Wei-Hsien Wan (PhD student, University of Exeter) explored 1 Peter further, focusing on the theme of displacement. The author characterises his readers as ‘resident aliens and strangers’ (1 Peter 2:11), and this constitutes (he argued) an act of spatial production—it challenges Rome’s claims of power, notably expressed in the Anatolian imperial cults, and offers an ‘alternative spatial imagination’ which provides believers with a way to understand and validate their experience of non-belonging in Roman Asia Minor.
Three papers opened up particular aspect of the Jewish/Judaean culture and settings of the first century. Dr Jutta Leonhardt-Balzer (University of Aberdeen) opened up Philo’s thinking, as an urban hellenised Jewish living in Alexandria, and compared and contrasted his view of the city with Paul’s. Philo’s dislike of cities is interesting, particularly given that he was a city-dweller and regarded Jerusalem as the ‘home city’ of the Jewish people, and Dr Leonhardt-Balzer argued that a similar view can be found in Paul’s view of that city, although not at all uncritically.
Professor Anders Runesson (recently appointed to University of Oslo, Norway) offered an interesting and engaging discussion of Jerusalem in Matthew, comparing and contrasting it with Luke-Acts. He argued that while Jerusalem for Matthew is and remains God’s City, he understands the city and its temple to have become defiled, requiring, in contrast with Luke, his disciples to leave for Galilee after Jesus’ resurrection. Prof. Runesson discussed in particular the possibility that such Matthean traditions could be linked to the presence of Jewish followers of Jesus in Galilee, a part of the nascent movement whose existence is suppressed in the narratives of Luke-Acts.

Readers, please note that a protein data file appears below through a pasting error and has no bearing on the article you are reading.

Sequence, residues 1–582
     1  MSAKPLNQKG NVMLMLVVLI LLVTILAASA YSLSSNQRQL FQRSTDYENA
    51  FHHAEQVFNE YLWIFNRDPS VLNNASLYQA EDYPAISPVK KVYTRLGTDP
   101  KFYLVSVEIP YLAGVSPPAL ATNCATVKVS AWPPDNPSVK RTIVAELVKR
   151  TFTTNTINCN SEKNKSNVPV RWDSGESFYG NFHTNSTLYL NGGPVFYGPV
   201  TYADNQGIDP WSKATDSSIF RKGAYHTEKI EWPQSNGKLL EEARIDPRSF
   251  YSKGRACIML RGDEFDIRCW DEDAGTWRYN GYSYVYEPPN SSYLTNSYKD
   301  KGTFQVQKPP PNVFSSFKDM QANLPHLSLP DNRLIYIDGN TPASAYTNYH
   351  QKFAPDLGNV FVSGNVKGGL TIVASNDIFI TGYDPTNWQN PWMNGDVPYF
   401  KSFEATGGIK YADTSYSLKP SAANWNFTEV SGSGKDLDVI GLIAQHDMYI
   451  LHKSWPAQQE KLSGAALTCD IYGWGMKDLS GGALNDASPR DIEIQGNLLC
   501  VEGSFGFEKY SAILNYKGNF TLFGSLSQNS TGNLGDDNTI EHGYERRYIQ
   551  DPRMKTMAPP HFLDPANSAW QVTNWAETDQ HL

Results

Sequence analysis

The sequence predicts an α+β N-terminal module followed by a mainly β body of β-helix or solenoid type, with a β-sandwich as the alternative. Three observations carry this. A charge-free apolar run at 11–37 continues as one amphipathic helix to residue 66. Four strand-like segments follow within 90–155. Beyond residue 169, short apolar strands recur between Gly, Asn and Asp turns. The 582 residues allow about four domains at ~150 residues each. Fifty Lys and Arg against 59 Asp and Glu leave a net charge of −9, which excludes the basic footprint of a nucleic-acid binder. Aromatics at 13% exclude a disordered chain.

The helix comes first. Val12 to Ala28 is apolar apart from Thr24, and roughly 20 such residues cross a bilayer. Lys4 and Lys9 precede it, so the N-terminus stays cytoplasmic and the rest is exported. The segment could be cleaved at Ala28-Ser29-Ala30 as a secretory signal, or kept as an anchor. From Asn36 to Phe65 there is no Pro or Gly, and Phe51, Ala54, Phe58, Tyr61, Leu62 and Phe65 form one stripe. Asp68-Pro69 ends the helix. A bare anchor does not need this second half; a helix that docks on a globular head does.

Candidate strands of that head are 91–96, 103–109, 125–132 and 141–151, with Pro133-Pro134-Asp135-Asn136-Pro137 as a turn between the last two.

Dr Anthony Le Donne (United Theological Seminary, Dayton, Ohio, USA) entered the recent debate over whether ‘Jews’ or ‘Judaeans’ is the appropriate term to use to translate Ἰουδαῖος in the first century. He outlined the recent discussion, particularly the debate between Steve Mason and others (who argue for ‘Judaean’ as avoiding anachronism) and Adele Reinhartz and others (who prefer ‘Jew’ as preserving the presence of such people in history). He argued for a both/and view (Jew/Judaean) on the basis that the city of Jerusalem had a variety of meanings for different groups of Jews/Judaeans in different settings around the Roman empire.
Finally, five other papers highlighted different aspects of cities and the way cities are seen (in the ancient world and in modern scholarship). Helen Morris (PhD student, St Mary’s University, Twickenham) addressed the debate over Paul’s view of the city in 1 Corinthians 12:12-31, where ‘body’ language for the believing community reflects usage for the civic community. She considered whether such language might treat the city as friend or foe (conforming or subverting it, respectively), and argued elegantly for an alternative view, that Paul uses the city as a foil in his discussion of the church as the body of Christ, especially arguing that the discussion of the resurrection in 1 Corinthians 15:20-28, where bodies are transformed in the eschaton, relativises the status of the city in the present. Instead, Paul presents the church, as Christ’s body, as a counter-community and an anticipation, albeit partial, of what is to come at the End.